"Each time a statement is run, it starts a virtual scope within the transaction (akin to a nested transaction), which is used to log the changes made by that stement. If an error occurs (such as the attention event), depending on the severity of the exception either the scope will be rolled back or the whole transaction.

The rollback is limited to the scope for low-severity exceptions or if XACT_ABORT is OFF. For high-severity exceptions, the whole transaction will be rolled back.

Because of the above, during the time the scope is rolled back, the transaction itself is not necessarily being rolling back, so that's the reason the state remains as ACTIVE (2) in the DMV."

June 27, 2012 6:08 AM
 

Adam Machanic said:

Hi Rich,

SQL Server internally uses parent and child transaction scopes. These are all bound to the same transaction via the parent, so there is no consequence as far as ACID goes -- it's more for flexibility and granularity.

For example, if you have a bunch of threads and one of them needs to spill some data to tempdb, it will do so in a child transaction. That data doesn't need to be replayed or rolled back if the parent transaction is interrupted, so there is no worry there.

Another scenario is with the query I posted in the item. In this case the parent transaction can support numerous child transactions over the course of its lifetime (the big insert being one of them), and if one of them dies all of the work that's already been done can still be committed. That's a feature!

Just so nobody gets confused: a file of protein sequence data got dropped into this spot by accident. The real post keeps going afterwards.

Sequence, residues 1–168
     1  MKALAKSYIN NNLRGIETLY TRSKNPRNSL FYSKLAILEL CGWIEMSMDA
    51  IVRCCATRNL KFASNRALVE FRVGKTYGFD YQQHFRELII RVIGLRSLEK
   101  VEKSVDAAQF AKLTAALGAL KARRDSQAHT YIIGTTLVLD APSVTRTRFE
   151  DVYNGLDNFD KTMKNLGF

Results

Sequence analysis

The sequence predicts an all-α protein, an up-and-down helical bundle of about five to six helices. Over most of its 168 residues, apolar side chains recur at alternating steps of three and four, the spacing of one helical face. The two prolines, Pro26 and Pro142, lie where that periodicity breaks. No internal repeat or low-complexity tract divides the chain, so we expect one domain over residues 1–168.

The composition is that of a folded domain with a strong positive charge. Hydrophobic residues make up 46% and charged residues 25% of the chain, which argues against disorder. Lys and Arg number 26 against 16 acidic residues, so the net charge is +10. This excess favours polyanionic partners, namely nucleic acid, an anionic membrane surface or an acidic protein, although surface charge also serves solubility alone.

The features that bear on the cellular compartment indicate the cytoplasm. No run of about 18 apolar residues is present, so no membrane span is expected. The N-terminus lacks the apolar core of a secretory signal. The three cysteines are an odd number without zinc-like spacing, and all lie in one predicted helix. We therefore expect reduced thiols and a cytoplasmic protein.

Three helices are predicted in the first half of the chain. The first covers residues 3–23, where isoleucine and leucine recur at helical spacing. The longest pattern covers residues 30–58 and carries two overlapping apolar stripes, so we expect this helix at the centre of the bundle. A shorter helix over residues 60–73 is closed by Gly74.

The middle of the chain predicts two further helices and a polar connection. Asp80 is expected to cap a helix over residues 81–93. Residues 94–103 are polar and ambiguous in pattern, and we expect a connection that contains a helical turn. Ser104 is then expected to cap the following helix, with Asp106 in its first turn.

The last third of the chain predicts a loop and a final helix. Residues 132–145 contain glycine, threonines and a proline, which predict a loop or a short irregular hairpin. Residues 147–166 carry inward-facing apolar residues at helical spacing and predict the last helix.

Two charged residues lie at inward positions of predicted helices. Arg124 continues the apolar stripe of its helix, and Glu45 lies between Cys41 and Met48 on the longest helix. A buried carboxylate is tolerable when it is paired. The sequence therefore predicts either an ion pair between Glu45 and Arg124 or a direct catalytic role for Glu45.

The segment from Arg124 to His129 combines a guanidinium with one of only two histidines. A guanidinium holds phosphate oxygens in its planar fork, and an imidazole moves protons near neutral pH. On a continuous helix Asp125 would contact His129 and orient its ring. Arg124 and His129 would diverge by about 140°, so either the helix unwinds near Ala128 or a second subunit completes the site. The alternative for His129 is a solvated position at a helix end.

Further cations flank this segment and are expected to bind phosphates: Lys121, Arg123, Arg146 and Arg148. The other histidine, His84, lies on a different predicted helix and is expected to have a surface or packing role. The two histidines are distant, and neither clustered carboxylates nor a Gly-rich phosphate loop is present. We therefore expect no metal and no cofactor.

As far as the DMVs go, unfortunately, it's difficult at best to tie child transactions to parent transactions. You can do it, but only via the sys.dm_tran_locks view, which tends to be very slow and is not reliable. Even worse, the rows in the transaction views for child transactions don't seem to indicate the rollback either. There is a column called "status2" that seems to have something to do with it, but it's totally undocumented and I don't know what to look for. Of course since I can't reliably tie the parent to the child it's a moot point. I simply can't get the right data to figure out what's happening.

June 27, 2012 11:37 AM
 

RichB said:

Thanks for the extra info.

R

June 28, 2012 6:06 AM
 

Rajib Bahar said:

It looks like they won't solve this issue for another 2-4 years assuming their next major release isn't referring to service packs.